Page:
24

I am writing a package to facilitate importing Brazilian socio-economic microdata sets (Census, PNAD, etc). I foresee two distinct groups of users of the package:

  • Users in Brazil, who may feel more at ease with the documentation in Portuguese. The probably can understand English to some extent, but a foreign language would probably make the package feel less "ergonomic".

  • The broader international users community, from whom English documentation may be a necessary condition.

Is it possible to write a package in a way that the documentation is "bilingual" (English and Portuguese), and that the language shown to the user will depend on their country/language settings?

Also,

Is that doable within the roxygen2 documentation framework?

I realise there is a tradeoff of making the package more user-friendly by making it bilingual vs. the increased complexity and difficulty to maintain. General comments on this tradeoff from previous expirience are also welcome.

EDIT: following the comment's suggestion I cross-posted r-package-devel mailling list. HERE, then follow the answers at the bottom. Duncan Murdoch posted an interesting answer covering some of what @Brandons answer (bellow) covers, but also including two additional suggestions that I think are useful:

  • have the package in one language, but the vignettes for different languages. I will follow this advice.

  • have to versions of the package , let's say 1.1 and 1.2, one on each language

4
  • 1
    If you don't get useful answers here this might be a good question to ask on the r-package-devel mailing list ...
    – Ben Bolker
    May 18, 2016 at 2:16
  • @BenBolker you were correct, no answer for days here, so I posted on the mailling list (see edit above). A couple hours latter there is already an answer. TKs May 20, 2016 at 23:44
  • 2
    Great question. I feel it would also be beneficial to others to make it available here on SO, so if you wish to assemble an answer based on the response you received on the mailing list that would be great. May 21, 2016 at 0:09
  • There is also this project funded by the R Consortium : 4dpiecharts.com/2016/03/23/rl10n-let-r-speak-your-language May 22, 2016 at 10:52

2 Answers 2

15
+200

According to Ropensci, there is no standard mechanism for translating package documentation into non-English languages. They describe the typical process of internationalization/localization as follows:

To create non-English documentation requires manual creation of supplemental .Rd files or package vignettes.

Packages supplying non-English documentation should include a Language field in the DESCRIPTION file.

And some more info on the Language field:

A ‘Language’ field can be used to indicate if the package documentation is not in English: this should be a comma-separated list of standard (not private use or grandfathered) IETF language tags as currently defined by RFC 5646 (https://www.rfc-editor.org/rfc/rfc5646, see also https://en.wikipedia.org/wiki/IETF_language_tag), i.e., use language subtags which in essence are 2-letter ISO 639-1 (https://en.wikipedia.org/wiki/ISO_639-1) or 3-letter ISO 639-3 (https://en.wikipedia.org/wiki/ISO_639-3) language codes.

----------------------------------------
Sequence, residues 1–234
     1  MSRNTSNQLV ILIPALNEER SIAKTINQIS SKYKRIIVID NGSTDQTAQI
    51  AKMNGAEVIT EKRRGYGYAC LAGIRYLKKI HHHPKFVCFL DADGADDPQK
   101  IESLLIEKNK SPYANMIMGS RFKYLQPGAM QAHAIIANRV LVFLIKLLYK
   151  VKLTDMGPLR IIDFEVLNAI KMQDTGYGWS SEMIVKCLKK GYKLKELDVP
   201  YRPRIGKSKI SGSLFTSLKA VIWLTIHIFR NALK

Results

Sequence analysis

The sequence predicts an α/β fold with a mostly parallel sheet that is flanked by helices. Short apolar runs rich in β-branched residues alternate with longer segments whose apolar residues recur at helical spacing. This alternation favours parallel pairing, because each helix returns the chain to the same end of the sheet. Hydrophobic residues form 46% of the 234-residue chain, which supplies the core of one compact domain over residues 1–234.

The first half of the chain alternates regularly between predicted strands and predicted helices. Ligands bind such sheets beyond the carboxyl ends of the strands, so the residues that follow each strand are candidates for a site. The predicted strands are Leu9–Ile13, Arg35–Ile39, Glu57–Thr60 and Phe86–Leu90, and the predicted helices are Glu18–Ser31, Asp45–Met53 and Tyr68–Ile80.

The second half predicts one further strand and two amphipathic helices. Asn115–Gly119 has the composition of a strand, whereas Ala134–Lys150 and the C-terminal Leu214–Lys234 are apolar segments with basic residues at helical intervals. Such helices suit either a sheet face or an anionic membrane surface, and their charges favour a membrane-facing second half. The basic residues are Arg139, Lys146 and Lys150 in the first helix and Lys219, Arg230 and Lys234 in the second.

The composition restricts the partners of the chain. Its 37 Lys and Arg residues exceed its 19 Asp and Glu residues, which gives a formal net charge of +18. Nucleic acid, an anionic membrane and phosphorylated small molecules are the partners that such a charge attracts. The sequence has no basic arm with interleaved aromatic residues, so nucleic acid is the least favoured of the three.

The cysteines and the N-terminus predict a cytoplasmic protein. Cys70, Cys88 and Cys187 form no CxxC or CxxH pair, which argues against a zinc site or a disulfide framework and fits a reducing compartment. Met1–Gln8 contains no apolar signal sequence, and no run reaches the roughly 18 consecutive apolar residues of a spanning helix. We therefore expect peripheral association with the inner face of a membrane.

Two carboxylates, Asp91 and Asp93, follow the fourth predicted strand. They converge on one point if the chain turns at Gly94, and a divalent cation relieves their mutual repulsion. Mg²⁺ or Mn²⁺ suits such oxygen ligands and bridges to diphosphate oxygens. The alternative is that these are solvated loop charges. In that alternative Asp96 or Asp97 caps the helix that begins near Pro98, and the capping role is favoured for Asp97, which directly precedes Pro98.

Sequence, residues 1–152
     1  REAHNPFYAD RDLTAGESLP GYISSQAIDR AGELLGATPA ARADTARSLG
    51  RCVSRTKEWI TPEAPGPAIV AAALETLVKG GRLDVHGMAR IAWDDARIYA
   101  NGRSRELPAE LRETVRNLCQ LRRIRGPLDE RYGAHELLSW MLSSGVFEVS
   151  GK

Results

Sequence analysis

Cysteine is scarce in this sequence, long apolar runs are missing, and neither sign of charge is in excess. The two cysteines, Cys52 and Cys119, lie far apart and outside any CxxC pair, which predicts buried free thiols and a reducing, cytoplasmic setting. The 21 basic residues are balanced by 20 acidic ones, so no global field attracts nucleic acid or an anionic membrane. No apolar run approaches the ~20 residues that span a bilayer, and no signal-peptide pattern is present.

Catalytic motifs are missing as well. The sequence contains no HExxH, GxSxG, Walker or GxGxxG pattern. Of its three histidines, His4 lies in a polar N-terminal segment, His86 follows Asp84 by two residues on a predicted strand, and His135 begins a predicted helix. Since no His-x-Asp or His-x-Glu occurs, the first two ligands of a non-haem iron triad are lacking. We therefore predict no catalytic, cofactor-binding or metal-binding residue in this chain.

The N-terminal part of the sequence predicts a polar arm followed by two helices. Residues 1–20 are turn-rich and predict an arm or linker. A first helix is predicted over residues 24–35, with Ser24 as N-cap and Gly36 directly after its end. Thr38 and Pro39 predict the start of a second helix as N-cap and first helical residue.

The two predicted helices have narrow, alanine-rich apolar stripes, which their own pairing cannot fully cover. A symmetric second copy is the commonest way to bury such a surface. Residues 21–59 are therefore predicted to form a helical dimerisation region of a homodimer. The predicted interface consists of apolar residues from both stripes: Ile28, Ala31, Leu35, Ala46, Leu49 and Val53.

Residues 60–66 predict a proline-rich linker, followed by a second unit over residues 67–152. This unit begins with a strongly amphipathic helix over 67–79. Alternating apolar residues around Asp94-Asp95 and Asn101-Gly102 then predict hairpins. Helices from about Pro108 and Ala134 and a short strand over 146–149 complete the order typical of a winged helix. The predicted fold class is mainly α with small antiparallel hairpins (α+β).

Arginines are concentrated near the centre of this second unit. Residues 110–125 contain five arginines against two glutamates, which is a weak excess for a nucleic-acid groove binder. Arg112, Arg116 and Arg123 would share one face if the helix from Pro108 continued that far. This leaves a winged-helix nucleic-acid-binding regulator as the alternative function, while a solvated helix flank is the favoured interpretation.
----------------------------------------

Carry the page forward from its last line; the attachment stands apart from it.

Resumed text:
Care is needed if your package contains non-ASCII text, and in particular if it is intended to be used in more than one locale. It is possible to mark the encoding used in the DESCRIPTION file and in .Rd files.

Regarding encoding...

First, consider carefully if you really need non-ASCII text. Many users of R will only be able to view correctly text in their native language group (e.g. Western European, Eastern European, Simplified Chinese) and ASCII.72. Other characters may not be rendered at all, rendered incorrectly, or cause your R code to give an error. For .Rd documentation, marking the encoding and including ASCII transliterations is likely to do a reasonable job. The set of characters which is commonly supported is wider than it used to be around 2000, but non-Latin alphabets (Greek, Russian, Georgian, …) are still often problematic and those with double-width characters (Chinese, Japanese, Korean) often need specialist fonts to render correctly.

On a related note, R does, however, provide support for "errors and warnings" in different languages - "There are mechanisms to translate the R- and C-level error and warning messages. There are only available if R is compiled with NLS support (which is requested by configure option --enable-nls, the default)."

4

Besides bilingual documentation, please allow me the following comment: Given your two "target" groups, it may be assumed that some of your users will be running non-English OS (typically, Windows in Portuguese). When importing time series data (or any date entries as a matter of fact), due to different "date" formatting (English vs. non-English), you may get different "results" (i.e. misinterpeted date entries) when importing to English/non-English machines. I have some experience with those issues (I often work with Czech-language-based OSs) and -other than ad-hoc coding- I don't find a simple solution. (If you find this off-topic, please feel free to delete)

Your Answer

By clicking “Post Your Answer”, you agree to our terms of service and acknowledge you have read our privacy policy.

Not the answer you're looking for? Browse other questions tagged or ask your own question.